A report on the latest audit of the Pennsylvania Legislature’s internal finances is expected to be released by the end of the month, earlier than lawmakers have managed to complete the process in recent years.
Past audits have flagged inappropriate expenses and receipts that obscured what was purchased with taxpayer dollars.
Rep. Mark Keller, R-Perry, who chairs the Legislative Audit Advisory Commission, said he was struck by the latest inspection’s recommendation that the House reduce the number of those with access to the legislative bank account.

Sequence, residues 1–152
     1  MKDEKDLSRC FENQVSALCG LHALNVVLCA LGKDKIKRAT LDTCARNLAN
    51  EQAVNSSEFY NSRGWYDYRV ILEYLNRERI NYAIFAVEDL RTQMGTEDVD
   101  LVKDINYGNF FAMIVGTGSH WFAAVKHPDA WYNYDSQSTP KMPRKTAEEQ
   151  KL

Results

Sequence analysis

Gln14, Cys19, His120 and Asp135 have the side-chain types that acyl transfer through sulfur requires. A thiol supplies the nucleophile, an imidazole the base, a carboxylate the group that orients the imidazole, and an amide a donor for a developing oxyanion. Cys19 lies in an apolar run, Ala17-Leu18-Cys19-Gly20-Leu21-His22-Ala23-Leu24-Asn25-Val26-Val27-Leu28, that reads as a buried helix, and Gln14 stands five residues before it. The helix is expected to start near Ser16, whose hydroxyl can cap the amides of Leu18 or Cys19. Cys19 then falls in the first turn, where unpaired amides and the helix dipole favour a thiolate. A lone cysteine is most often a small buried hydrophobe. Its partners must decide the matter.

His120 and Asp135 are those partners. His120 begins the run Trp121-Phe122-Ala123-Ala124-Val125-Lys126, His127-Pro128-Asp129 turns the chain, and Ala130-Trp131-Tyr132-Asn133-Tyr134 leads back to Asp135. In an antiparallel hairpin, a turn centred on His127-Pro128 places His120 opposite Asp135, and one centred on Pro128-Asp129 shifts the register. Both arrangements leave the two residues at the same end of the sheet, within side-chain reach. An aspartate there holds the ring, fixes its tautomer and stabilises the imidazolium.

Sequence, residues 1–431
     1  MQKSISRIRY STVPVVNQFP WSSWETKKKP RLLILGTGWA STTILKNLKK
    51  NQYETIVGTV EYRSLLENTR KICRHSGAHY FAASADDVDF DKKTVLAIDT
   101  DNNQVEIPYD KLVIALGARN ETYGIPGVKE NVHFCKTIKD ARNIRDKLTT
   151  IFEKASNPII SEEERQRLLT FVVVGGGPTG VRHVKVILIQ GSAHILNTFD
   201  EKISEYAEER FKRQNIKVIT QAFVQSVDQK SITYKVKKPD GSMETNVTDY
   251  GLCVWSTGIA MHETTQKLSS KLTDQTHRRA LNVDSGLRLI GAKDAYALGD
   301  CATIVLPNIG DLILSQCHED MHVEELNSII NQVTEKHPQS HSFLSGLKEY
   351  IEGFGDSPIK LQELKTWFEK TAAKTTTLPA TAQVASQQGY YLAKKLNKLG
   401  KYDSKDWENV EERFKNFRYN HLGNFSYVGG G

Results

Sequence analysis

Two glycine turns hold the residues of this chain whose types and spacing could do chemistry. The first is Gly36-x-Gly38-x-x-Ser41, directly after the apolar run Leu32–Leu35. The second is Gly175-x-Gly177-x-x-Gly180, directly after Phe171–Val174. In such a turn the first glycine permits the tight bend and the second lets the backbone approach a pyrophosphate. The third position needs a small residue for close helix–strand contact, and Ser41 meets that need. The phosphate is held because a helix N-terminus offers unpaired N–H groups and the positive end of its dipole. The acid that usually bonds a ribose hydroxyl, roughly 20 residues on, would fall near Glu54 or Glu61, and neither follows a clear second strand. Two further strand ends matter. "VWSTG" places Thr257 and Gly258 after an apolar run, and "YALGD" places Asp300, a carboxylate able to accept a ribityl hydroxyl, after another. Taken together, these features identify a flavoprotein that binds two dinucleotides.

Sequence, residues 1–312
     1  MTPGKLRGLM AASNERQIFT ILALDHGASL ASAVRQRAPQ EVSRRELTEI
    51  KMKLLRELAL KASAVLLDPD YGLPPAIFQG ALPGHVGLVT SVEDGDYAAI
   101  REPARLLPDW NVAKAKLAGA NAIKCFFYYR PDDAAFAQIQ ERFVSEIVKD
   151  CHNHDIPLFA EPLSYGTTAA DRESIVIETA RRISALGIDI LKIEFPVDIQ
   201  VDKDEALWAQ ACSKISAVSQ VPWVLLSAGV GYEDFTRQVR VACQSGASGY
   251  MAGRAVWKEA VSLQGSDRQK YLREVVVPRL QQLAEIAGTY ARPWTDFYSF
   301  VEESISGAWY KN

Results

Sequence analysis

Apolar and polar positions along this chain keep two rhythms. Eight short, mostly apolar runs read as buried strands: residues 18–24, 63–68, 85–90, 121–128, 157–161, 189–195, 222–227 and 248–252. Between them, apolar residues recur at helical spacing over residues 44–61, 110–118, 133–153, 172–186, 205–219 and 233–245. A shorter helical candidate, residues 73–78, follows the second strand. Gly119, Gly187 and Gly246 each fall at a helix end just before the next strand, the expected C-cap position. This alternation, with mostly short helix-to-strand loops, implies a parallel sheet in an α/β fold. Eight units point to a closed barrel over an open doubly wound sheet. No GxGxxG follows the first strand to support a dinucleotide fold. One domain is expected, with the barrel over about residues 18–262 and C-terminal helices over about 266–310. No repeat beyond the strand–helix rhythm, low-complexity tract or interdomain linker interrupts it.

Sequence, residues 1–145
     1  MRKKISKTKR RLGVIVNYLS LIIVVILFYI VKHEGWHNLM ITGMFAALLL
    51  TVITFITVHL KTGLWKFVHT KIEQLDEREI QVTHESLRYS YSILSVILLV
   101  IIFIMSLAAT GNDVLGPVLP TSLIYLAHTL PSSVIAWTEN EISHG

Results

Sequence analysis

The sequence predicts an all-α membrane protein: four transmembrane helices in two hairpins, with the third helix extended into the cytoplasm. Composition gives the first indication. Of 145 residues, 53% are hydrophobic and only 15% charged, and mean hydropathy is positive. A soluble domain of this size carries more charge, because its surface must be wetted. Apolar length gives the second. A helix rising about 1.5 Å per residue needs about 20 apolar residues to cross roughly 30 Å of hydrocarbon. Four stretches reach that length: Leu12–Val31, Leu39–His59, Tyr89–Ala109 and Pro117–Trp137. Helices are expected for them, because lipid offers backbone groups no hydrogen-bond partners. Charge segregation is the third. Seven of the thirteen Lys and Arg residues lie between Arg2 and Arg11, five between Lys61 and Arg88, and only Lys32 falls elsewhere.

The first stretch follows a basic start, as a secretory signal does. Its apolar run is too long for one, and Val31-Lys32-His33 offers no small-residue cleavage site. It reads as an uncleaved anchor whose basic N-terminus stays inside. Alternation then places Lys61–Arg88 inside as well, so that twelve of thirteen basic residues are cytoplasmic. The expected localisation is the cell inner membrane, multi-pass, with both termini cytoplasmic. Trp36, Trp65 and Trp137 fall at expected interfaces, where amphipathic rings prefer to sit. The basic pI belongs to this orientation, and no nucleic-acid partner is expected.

“Who has all has checkbooks? There are certain committees that absolutely should have (them), but there are others ones that I don’t understand why they do,” said Keller. He said his commission can’t spearhead reforms. “The audit committee has no power.”
But reform activist Eric Epstein, who casts a gimlet eye on the Legislature’s auto-audit, said internal reforms require nothing more than the will power of the House and Senate leaders. He has urged lawmakers to set protocols for the legislative surplus, most recently pegged at $154 million.
“At the end of the day, they choose not to be proactive,” Epstein said. “These are basic accounting principles.”